Papal encyclical: People over profit
Pope Benedict's new encyclical, Caritas en verite, scores a win for appearing just as the G8 are meeting in Italy and just before the pope meets with President Obama, the leader of the nation that precipitated the current economic crisis. (Finally, the papal communications office gets one right!) The pope's message: The church has been right all along--the pursuit of profit as an end in itself is inimical and destructive to the common good.
Benedict makes his point by reviewing the 40-odd-year-old social encyclical of Pope Paul VI, Populorum progressio, which had at its heart the idea that the goal of economic activity is the integral development of the human person--physical, moral, spiritual. Benedict updates that insight, arguing more or less that technology and markets alone cannot direct the economic order to this end. The economy, in other words, needs regulation, and Benedict opts for international structures with binding authority. In the end, B16 opts more for the European model of heavily regulated "social capitalism" over the Anglo-Saxon laissez-faire approach that has just recently tanked the world economy.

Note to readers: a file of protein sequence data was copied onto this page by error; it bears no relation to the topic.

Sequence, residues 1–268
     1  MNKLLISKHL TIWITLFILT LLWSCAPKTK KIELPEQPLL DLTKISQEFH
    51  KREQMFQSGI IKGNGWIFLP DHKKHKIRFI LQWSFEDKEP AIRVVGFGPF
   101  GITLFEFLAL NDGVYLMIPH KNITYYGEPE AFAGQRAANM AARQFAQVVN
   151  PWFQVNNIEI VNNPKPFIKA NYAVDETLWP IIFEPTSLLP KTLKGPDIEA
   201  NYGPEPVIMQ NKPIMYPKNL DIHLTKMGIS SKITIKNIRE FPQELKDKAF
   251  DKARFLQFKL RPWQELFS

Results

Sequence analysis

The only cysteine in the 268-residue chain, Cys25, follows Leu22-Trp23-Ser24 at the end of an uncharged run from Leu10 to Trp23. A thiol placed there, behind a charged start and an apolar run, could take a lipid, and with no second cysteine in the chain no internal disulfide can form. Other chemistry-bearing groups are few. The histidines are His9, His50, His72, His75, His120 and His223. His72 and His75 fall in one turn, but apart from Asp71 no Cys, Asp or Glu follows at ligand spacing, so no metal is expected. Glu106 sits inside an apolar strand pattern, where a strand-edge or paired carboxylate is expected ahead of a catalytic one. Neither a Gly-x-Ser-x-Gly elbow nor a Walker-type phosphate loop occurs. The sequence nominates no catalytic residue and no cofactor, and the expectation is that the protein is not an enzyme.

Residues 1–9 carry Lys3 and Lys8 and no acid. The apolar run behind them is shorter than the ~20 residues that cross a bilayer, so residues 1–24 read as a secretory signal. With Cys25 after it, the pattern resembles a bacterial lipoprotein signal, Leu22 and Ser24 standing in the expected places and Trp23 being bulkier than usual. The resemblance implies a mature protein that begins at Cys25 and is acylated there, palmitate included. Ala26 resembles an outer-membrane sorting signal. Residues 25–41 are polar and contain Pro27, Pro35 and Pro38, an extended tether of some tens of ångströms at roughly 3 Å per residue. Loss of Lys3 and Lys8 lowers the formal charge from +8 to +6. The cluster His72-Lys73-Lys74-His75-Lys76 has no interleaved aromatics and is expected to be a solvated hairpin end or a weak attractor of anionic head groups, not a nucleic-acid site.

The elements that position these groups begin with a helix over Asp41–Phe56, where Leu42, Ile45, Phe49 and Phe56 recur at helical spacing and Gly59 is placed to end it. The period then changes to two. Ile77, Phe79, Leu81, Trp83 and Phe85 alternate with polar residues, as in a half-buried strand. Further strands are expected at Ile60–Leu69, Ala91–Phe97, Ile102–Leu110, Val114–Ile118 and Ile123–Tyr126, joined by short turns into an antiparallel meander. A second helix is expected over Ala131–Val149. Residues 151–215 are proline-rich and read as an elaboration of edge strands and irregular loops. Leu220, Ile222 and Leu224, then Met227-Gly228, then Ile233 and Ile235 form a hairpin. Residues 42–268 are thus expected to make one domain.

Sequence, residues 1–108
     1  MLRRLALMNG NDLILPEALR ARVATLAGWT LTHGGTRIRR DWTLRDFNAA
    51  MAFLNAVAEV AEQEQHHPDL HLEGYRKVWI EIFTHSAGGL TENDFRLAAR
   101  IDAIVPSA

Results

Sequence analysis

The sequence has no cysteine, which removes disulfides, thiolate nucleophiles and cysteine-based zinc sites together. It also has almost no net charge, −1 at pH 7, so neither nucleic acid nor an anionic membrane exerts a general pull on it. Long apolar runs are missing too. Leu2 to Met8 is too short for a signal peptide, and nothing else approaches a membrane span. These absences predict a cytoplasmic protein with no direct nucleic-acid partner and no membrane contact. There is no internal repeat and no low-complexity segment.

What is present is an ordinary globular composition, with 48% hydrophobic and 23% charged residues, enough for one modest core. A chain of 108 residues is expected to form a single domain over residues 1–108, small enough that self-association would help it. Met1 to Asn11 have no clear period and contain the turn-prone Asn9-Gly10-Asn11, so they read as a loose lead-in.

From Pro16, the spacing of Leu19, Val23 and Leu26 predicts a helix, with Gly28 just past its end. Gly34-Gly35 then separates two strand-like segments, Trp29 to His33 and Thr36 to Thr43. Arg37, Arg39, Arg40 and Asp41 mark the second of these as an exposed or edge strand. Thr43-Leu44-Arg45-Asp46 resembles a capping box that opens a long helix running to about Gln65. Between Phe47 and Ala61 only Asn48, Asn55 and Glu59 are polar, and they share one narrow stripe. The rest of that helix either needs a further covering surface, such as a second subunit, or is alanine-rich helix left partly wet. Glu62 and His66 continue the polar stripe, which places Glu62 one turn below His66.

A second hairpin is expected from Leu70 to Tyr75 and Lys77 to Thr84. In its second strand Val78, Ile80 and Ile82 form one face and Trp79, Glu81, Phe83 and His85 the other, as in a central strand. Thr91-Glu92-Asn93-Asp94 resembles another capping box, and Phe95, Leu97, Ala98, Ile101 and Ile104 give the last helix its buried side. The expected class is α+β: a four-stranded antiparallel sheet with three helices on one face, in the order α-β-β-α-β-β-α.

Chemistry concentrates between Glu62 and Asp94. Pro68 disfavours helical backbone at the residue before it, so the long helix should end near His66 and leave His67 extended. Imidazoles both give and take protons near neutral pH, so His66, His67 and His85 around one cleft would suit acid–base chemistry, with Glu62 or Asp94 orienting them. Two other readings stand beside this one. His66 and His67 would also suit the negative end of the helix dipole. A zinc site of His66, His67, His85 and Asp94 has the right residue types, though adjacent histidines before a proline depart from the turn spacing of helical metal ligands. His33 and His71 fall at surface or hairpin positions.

Right on, Holy Father. Prepare for an onslaught from the economic right telling you to stick to sexual ethics!
Indeed, we already have George Weigel's ridiculously self-serving interpretation: a tale of two encyclicals, complete with intrigue; luckily we also have a parody of Weigel's red versus gold reading of B16 at Vox Nova. Enjoy!